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Computing a Gaussian integral

  1. Sep 19, 2014 #1
    1. The problem statement, all variables and given/known data
    Let [itex]a,b[/itex] be real with [itex]a > 0[/itex]. Compute the integral
    [tex]
    I = \int_{-\infty}^{\infty} e^{-ax^2 + ibx}\,dx.
    [/tex]


    2. Relevant equations
    Equation (1):
    [tex]\int_{-\infty}^{\infty} e^{-x^2}\,dx = \sqrt{\pi}[/tex]

    Equation (2):
    [tex]-ax^2 + ibx = -a\Big(x - \frac{ib}{2a}\Big)^2 - \frac{b^2}{4a}[/tex]


    3. The attempt at a solution
    Completing the square in [itex]-ax^2 + ibx[/itex] gives me Equation (2), so that my integral is now
    [tex]
    I = e^{-b^2/4a}\int_{-\infty}^{\infty} e^{-a(x-ib/2a)^2}\,dx.
    [/tex]
    Making the substitution [itex]u = \sqrt{a}(x-ib/2a)[/itex] I get [itex]du = \sqrt{a}\,dx[/itex] so tht my integral becomes
    [tex]
    I = \frac{1}{\sqrt{a}}\,e^{-b^2/4a}\int_{-\infty - ib/2\sqrt{a}}^{\infty - ib/2\sqrt{a}} e^{-u^2}\,du.
    [/tex]

    But this doesn't seem right.
     
  2. jcsd
  3. Sep 19, 2014 #2

    ZetaOfThree

    User Avatar
    Gold Member

    You've got it right. Just note that ##-\infty - ib/2\sqrt{a}=-\infty## and ##\infty - ib/2\sqrt{a}=\infty##, and you're basically done.
     
  4. Sep 20, 2014 #3
    Thanks Zeta. Huge brain fart on my part in making it rigorous. The integral I was trying to compute is the limit of

    [tex]I(R_1, R_2) = \int_{-R_1}^{R_2} e^{-ax^2 + bx}\,dx[/tex]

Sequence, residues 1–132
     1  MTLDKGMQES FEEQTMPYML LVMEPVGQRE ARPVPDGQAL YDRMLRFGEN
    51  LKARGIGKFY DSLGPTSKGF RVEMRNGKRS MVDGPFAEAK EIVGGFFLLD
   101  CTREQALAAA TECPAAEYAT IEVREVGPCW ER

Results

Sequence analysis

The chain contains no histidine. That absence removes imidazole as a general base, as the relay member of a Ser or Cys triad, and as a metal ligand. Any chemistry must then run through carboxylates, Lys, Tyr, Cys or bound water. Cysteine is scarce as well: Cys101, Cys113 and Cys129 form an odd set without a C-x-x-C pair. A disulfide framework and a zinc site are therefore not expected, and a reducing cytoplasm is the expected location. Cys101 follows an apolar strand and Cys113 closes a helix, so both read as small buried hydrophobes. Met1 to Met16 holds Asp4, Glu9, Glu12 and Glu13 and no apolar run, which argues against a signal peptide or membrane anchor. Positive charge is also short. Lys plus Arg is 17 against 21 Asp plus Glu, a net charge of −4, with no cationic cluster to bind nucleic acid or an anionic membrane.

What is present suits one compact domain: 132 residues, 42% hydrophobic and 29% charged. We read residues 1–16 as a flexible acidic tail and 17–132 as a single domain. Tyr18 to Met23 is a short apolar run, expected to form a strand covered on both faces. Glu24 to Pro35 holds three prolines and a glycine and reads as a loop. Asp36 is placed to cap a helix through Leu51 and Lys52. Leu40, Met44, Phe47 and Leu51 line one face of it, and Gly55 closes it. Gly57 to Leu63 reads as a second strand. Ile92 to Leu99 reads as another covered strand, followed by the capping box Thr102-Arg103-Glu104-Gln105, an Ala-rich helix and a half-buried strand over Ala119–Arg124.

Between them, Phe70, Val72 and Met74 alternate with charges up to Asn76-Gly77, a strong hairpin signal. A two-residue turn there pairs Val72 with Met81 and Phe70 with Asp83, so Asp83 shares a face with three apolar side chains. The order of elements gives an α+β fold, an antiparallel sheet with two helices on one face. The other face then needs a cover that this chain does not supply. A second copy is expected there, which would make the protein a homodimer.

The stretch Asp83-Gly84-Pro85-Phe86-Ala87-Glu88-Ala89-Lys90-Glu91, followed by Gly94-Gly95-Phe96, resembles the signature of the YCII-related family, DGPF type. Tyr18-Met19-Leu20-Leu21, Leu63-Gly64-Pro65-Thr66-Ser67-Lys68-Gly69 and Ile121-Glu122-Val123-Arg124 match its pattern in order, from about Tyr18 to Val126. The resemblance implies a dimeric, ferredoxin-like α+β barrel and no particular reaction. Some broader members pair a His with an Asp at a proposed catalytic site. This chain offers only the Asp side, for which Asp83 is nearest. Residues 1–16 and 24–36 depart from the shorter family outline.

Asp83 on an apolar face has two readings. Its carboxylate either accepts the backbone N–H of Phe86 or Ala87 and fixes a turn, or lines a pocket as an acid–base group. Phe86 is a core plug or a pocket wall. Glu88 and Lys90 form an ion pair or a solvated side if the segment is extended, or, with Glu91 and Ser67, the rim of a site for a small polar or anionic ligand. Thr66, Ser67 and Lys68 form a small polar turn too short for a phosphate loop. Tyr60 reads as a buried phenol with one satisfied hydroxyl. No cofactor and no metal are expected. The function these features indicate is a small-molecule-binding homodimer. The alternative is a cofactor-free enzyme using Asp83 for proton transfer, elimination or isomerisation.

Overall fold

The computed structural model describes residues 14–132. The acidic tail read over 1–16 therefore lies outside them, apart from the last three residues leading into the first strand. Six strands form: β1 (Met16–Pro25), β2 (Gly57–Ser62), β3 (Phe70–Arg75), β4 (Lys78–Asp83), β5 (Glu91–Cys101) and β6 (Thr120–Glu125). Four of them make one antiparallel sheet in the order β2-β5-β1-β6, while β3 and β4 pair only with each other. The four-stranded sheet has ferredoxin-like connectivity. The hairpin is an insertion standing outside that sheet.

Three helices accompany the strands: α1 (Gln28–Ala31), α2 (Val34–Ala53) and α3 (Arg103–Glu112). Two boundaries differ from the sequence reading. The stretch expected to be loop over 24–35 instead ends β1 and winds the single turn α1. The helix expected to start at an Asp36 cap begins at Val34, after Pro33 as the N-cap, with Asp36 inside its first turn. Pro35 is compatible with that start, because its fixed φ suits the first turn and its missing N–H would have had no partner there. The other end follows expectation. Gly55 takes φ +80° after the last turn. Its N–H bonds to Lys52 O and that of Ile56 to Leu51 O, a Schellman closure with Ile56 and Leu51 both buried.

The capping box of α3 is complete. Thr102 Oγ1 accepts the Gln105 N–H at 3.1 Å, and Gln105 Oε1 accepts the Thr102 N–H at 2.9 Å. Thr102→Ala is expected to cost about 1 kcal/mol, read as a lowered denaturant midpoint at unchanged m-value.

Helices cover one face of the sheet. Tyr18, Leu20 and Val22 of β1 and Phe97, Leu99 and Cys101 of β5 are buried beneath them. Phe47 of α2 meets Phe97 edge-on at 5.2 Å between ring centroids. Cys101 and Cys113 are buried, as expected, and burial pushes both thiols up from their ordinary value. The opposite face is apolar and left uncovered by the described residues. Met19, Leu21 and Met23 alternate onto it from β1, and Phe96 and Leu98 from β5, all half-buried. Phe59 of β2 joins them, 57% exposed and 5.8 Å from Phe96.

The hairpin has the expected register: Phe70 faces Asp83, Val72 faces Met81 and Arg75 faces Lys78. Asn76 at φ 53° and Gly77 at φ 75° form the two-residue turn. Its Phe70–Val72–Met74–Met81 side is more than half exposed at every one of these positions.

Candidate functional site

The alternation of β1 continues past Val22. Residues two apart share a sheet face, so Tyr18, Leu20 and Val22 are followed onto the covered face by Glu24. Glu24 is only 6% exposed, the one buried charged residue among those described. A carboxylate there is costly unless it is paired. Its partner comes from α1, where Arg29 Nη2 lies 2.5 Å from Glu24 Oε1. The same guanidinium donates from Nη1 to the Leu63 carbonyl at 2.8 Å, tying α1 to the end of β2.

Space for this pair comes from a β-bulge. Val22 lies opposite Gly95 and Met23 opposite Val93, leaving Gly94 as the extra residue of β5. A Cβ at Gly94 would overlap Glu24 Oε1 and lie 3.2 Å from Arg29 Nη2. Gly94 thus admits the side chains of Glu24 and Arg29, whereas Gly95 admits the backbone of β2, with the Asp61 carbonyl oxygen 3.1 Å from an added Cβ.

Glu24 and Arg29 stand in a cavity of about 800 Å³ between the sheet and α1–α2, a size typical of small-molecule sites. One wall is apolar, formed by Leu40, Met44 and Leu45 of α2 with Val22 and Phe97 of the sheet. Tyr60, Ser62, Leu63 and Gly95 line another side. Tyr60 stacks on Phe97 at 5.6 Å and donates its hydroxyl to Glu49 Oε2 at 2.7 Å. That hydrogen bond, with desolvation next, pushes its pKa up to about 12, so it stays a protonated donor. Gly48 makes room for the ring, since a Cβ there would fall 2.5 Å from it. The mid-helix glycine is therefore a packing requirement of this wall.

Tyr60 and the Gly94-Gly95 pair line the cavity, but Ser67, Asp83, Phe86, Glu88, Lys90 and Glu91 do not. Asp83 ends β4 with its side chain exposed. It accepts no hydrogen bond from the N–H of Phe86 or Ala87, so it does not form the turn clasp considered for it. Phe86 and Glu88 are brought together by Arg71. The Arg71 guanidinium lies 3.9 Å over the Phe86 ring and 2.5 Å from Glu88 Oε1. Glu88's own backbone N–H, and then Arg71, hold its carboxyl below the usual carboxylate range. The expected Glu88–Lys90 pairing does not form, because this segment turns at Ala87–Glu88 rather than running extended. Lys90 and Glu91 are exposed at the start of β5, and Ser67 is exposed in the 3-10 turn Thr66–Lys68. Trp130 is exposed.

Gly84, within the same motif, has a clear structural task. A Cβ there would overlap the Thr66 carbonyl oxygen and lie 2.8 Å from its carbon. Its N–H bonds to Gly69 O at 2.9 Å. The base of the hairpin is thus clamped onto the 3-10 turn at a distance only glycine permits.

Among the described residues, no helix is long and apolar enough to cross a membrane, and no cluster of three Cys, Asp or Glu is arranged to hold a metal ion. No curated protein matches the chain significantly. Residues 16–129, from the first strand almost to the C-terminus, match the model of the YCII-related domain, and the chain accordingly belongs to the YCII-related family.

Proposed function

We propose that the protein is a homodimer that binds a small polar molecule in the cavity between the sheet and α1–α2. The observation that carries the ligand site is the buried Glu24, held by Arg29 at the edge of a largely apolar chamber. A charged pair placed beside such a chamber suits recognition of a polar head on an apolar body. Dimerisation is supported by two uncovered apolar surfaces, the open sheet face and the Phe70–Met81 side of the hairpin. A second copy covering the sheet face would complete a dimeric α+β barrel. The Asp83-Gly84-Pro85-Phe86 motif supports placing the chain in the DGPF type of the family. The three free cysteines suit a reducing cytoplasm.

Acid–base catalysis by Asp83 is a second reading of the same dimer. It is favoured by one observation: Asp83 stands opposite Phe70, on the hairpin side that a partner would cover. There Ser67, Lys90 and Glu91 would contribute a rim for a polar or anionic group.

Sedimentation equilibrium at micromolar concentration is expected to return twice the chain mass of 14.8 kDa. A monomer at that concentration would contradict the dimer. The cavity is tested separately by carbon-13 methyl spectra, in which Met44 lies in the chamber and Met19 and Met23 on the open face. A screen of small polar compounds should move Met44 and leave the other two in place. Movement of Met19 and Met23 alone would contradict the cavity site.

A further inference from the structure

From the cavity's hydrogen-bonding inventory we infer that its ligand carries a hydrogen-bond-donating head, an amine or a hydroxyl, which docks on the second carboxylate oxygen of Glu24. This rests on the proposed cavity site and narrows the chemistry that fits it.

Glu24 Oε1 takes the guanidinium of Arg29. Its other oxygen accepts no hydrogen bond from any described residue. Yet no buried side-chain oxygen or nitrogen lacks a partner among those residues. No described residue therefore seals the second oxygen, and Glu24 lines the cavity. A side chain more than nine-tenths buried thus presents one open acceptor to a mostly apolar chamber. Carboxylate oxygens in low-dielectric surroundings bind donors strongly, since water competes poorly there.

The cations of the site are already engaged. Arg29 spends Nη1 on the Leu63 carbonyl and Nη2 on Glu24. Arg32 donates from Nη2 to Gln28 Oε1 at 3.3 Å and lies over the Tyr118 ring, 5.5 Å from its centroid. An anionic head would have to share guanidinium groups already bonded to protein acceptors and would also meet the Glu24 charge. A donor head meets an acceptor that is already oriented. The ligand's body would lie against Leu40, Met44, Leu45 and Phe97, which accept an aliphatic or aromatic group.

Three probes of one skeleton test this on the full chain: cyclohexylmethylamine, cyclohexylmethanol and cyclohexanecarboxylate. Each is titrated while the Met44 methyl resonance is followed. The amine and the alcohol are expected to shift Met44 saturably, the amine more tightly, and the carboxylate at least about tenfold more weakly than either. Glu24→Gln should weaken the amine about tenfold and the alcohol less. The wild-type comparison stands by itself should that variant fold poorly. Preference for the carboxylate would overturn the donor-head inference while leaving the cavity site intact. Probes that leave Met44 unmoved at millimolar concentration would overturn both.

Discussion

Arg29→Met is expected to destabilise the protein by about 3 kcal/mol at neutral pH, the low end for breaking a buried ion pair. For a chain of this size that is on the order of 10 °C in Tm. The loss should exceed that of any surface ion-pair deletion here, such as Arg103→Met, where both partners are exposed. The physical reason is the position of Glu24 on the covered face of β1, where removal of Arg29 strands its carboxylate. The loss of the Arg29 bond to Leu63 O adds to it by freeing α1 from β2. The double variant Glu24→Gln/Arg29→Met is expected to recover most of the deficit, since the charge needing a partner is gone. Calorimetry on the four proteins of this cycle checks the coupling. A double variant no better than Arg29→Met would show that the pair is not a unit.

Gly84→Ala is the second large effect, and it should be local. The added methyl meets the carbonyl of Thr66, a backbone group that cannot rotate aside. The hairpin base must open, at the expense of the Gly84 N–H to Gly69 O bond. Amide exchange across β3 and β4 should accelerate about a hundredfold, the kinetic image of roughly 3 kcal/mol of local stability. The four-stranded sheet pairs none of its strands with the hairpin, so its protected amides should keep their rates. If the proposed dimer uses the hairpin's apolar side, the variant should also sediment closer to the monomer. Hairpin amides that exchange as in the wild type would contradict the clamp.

as [itex]R_1, R_2 \to \infty[/itex]. Then I can make a subsitution [itex]z = \sqrt{a}(x-ib/2a)[/itex] to get the integral

    [tex]I(R_1,R_2) = \frac{1}{\sqrt{a}}\,e^{-b^2/4a}\int_{-\sqrt{a}R_1-ib/2\sqrt{a}}^{\sqrt{a}R_2 - ib/2\sqrt{a}}e^{-z^2}\,dz.[/tex]

    The integrand [itex]e^{-z^2}[/itex] is analytic on the entire complex plane, so the integral is path independent. So in particular I can take it on a contour consisting of:

    (1) A straight line up from [itex]z = -\sqrt{a}R_1 - ib/\sqrt{a}[/itex] up to the real axis at point [itex]z = -\sqrt{a}R_1[/itex].

    (2) A straight line on the real axis from [itex]z = -\sqrt{a}R_1[/itex] to [itex]z = \sqrt{a}R_2[/itex].

    (3) A straight line down from the real axis at point [itex]z = \sqrt{a}R_2[/itex] to [itex]z = \sqrt{a}R_2 - ib/2\sqrt{a}[/itex].

    Taking the limit as [itex]R_1, R_2 \to \infty[/itex] the integrals on contour sections (1) and (3) vanish since [itex]\lvert z\rvert \to \infty[/itex] and thus [itex]e^{-z^2} \to 0[/itex] on these two vertical lines. The integral on contour (2) then becomes

    [tex]\lim_{R_1, R_2 \to \infty}\int_2 e^{-z^2}\,dz = \int_{-\infty}^{\infty} e^{-x^2}\,dx = \sqrt{\pi}.[/tex]

    Thus we have

    \begin{align*}
    \int_{-\infty}^{\infty} e^{-ax^2 + bx}\,dx
    & = \lim_{R_1,R_2 \to \infty} I(R_1,R_2) \\
    & =
    \lim_{R_1,R_2 \to \infty} \frac{1}{\sqrt{a}}\,e^{-b^2/4a}\int_{-\sqrt{a}R_1-ib/2\sqrt{a}}^{\sqrt{a}R_2 - ib/2\sqrt{a}}e^{-z^2}\,dz \\
    & = \frac{1}{\sqrt{a}}\,e^{-b^2/4a}\sqrt{\pi}.
    \end{align*}
     
  5. Sep 20, 2014 #4
    Oops, contour (1) should be from [itex]z = -\sqrt{a}R_1 - ib/2\sqrt{a}[/itex] to [itex]z = -\sqrt{a}R_1[/itex].
     
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